• Novel muscle imaging in inflammatory rheumatic diseases — a focus on ultrasound shear wave elastography and quantitative MRI

      Farrow, Matthew; Biglands, J.; Alfuraih, A.M.; Wakefield, R.J.; Tan, A.L. (2020-08)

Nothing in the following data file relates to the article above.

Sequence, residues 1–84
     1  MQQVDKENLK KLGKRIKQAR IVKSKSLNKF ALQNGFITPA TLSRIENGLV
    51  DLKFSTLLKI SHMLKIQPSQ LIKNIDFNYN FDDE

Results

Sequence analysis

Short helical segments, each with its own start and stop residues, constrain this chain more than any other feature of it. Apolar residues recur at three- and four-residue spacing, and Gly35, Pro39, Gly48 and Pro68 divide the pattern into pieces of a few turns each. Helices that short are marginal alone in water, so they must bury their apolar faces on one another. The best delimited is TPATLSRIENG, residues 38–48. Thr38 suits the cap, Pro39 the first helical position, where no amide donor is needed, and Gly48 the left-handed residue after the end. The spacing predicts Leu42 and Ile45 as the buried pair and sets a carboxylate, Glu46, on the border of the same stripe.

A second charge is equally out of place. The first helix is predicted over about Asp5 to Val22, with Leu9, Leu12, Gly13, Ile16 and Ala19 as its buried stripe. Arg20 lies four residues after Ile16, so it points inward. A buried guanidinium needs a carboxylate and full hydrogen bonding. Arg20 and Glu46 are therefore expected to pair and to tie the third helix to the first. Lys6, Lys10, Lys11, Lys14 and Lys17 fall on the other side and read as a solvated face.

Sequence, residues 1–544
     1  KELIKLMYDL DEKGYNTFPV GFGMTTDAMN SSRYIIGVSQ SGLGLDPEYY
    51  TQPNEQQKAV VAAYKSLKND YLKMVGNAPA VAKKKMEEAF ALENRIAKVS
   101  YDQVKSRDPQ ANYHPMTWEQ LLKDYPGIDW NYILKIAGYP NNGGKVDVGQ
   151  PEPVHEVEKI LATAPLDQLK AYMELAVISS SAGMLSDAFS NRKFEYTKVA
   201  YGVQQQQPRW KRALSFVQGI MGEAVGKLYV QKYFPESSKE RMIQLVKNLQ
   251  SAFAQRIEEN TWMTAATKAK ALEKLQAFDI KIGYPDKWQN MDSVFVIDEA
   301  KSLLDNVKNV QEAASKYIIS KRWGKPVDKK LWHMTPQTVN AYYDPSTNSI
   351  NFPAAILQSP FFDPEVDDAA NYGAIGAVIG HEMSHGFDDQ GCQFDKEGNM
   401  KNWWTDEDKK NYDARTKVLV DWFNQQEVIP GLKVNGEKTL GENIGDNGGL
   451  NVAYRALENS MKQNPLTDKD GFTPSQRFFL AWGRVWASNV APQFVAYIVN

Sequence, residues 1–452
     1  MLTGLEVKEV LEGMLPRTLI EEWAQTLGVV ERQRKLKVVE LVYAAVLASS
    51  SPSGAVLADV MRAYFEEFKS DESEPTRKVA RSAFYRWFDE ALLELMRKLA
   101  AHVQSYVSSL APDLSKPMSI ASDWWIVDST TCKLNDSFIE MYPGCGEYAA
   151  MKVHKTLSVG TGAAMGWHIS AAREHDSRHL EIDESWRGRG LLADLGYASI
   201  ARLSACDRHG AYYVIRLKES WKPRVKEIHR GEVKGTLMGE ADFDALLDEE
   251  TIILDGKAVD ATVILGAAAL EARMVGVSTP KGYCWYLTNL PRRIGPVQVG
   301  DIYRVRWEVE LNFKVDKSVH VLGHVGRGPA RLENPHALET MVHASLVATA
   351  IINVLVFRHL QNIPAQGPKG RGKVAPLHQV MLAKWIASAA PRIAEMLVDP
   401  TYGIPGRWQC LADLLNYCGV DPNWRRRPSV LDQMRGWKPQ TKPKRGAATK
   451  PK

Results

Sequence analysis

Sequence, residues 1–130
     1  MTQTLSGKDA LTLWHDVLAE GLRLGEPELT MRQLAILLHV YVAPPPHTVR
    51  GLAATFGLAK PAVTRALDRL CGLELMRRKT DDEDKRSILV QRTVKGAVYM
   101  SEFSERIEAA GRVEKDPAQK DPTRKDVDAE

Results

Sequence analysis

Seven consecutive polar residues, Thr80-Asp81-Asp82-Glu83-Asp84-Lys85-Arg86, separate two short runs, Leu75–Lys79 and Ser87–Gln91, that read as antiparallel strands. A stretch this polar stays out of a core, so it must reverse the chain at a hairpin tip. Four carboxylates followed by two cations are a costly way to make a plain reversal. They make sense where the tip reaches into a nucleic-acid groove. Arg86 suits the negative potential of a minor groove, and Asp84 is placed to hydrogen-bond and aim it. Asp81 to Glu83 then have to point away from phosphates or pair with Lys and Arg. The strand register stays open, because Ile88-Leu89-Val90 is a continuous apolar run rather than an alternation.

In recent years, imaging has played an increasing role in the clinical management of patients with rheumatic diseases with respect to aiding diagnosis, guiding therapy and monitoring disease progression. These roles have been underpinned by research which has enhanced our understanding of disease pathogenesis and pathophysiology of rheumatology conditions, in addition to their key role in outcome measurement in clinical trials. However, compared to joints, imaging research of muscles is less established, despite the fact that muscle symptoms are very common and debilitating in many rheumatic diseases. Recently, it has been shown that even though patients with rheumatoid arthritis may achieve clinical remission, defined by asymptomatic joints, many remain affected by lingering constitutional systemic symptoms like fatigue, tiredness, weakness and myalgia, which may be attributed to changes in the muscles. Recent improvements in imaging technology, coupled with an increasing clinical interest, has started to ignite new interest in the area. This perspective discusses the rationale for using imaging, particularly ultrasound and MRI, for investigating muscle pathology involved in common inflammatory rheumatic diseases. The muscles associated with rheumatic diseases can be affected in many ways, including myositis—an inflammatory muscle condition, and myopathy secondary to medications, such as glucocorticoids. In addition to non-invasive visual assessment of muscles in these conditions, novel imaging techniques like shear wave elastography and quantitative MRI can provide further useful information regarding the physiological and biomechanical status of the muscle.